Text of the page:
Institutional and Governance Review

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  • Publication
    Governance Reforms of State-Owned Enterprises: Lessons from Four Case Studies (Egypt, Iraq, Morocco, and Tunisia)
    (Washington, DC, 2015-08) World Bank
    The state-owned enterprise (SOE) landscape has become increasingly diverse. There used to be some relatively well-defined criteria, but with the growing complexity of state participation in the economy, there is no longer a uniform definition, and especially because the definition of a SOE has always been country-specific. SOE reforms can have major positive impacts not only by reducing fiscal risks by decreasing hidden subsidies, direct transfers, and overstaffing, but also by strengthening competition and developing capital markets. SOE reforms in developing countries began in the 1960s because of the poor performance of many of the SOEs. The reform movement sought to strengthen the internal capacity of SOEs. To enrich the discussion about possible avenues for performance-enhancing SOE reforms, this report presents the main principles of good governance of SOEs with references to the Organization for Economic Co-operation and Development (OECD) guidelines on corporate governance of SOEs (OECD 2005). This document is divided into six parts: (1) an effective legal and regulatory framework for SOEs; (2) the state as an owner; (3) equitable treatment of shareholders; (4) relations with stakeholders; (5) transparency and disclosure; and (6) the responsibilities of the boards of SOEs.
  • Publication
    Jamaica : Parliamentary Oversight of Public Finances--An Institutional Review
    (Washington, DC, 2013-06-10) World Bank
    Sound legislative oversight of public finances is crucial to ensure efficiency and effectiveness of public spending. All national governments, and particularly those that are accountable to their citizens through free elections and the voice of civil society, are concerned with the efficiency and efficacy of public finances. More broadly, well-functioning parliaments promote good governance; enhance transparency and accountability, including for public expenditures and their results; widen public discourse on national priorities and options; and build better partnerships between officials and representatives and their electorate. In all this, those among the citizenry with the least have the most to gain. This report responds to a request from the Government of Jamaica to review the structure and capacity of the Parliament of Jamaica to undertake its constitutional role with respect to oversight of the nation's public finances. Jamaica's Parliament is the country's supreme legislative body, consisting of an elected House of Representatives and an appointed Senate (Upper House), as well as the Queen or her representative, as the ceremonial head, and the Governor General. The Government of Jamaica has amended various legislations to adopt a Fiscal Responsibility Framework (FRF). The FRF includes specific fiscal targets as well as provisions to include the Ministry of Finance (MOF) and public service control over expenditures and lending.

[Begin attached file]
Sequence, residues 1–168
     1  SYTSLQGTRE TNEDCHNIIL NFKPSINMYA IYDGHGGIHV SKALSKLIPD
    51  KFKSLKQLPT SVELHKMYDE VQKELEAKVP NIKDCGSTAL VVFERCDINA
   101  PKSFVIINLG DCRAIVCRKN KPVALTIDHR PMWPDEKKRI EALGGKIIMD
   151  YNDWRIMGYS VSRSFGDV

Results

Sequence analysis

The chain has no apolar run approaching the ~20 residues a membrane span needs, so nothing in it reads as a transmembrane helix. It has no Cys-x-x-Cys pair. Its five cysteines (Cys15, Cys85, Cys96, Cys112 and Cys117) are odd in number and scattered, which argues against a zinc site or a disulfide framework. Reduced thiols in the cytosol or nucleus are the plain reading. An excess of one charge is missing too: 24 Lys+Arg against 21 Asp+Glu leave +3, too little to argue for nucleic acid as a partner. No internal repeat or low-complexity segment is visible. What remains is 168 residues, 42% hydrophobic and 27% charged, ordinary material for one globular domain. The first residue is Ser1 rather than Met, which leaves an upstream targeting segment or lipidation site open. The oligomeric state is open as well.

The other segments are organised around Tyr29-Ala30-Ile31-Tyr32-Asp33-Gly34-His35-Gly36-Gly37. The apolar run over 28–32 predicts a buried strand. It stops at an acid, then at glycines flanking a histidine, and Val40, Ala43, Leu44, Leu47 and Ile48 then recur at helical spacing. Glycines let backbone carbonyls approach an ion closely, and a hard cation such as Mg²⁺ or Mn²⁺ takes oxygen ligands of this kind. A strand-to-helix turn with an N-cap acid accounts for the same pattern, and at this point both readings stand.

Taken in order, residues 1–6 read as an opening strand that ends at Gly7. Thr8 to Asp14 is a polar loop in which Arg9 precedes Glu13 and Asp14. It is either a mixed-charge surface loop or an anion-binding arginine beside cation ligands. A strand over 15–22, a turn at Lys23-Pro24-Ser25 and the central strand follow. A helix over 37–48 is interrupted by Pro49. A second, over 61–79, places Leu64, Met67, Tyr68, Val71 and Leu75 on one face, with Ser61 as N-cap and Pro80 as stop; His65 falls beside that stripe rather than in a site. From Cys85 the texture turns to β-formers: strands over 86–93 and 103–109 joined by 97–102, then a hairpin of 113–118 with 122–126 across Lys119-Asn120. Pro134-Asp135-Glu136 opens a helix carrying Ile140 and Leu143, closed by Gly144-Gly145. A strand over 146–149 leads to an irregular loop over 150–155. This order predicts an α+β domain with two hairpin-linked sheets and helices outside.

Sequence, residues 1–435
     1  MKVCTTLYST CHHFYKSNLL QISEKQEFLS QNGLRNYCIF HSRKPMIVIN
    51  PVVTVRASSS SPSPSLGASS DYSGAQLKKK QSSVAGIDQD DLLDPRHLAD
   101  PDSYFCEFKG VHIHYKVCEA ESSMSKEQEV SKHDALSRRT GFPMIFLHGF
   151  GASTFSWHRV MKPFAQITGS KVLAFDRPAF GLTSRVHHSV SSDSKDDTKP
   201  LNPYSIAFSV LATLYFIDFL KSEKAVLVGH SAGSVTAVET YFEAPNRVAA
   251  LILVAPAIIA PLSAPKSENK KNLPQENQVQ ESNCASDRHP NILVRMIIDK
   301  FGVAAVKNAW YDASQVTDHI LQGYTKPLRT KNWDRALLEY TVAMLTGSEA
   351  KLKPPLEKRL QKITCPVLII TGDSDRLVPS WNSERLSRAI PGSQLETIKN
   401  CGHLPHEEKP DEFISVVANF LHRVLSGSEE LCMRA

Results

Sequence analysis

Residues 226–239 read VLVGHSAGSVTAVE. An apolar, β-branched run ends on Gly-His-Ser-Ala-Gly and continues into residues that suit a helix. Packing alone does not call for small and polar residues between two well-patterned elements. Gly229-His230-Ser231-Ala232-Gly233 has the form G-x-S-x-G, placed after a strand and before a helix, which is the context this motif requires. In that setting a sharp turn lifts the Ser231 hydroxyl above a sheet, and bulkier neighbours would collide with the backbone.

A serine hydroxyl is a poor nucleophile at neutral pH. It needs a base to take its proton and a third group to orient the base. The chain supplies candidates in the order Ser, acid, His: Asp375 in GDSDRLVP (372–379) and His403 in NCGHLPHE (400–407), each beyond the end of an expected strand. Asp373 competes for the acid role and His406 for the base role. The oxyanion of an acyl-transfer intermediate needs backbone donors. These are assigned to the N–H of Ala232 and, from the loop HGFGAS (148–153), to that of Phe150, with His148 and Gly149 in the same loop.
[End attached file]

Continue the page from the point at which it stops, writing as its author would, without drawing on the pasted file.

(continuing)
• Publication
    CPIA Africa, June 2013: Assessing Africa's Policies and Institutions
    (Washington, DC, 2013-06) World Bank
    This report is the second in a series of annual reports describing the progress African countries are making on strengthening the quality of policies and institutions that underpin development. It presents Country Policy and Institutional Assessment (CPIA) scores for the 39 African countries that are eligible for support from the International Development Association (IDA). The development literature identifies the components of the CPIA as being broadly relevant for sustaining growth and reducing poverty. The data provide some support for this association. All country groups exhibit similar patterns across the four CPIA clusters. The gap in scores between the macroeconomic management cluster and the governance cluster is just as pronounced for fragile as for non-fragile states. In contrast, the gap between the economic management cluster and the social policies and structural policies clusters is small. Overall, the macroeconomic policy stance in Sub-Saharan Africa was supportive of growth, with monetary policy focused on managing inflation and fiscal policy focused on pro-poor spending and infrastructure development. Inflation declined in 2012, thanks to a moderation in food and fuel prices and prudent monetary policy. However, an expansive fiscal policy translated into a weakening of fiscal balances. Debt levels also edged up, although they remained moderate. As the policy areas in this cluster are closely related, there tends to be co-movement in the scores for monetary and fiscal policy.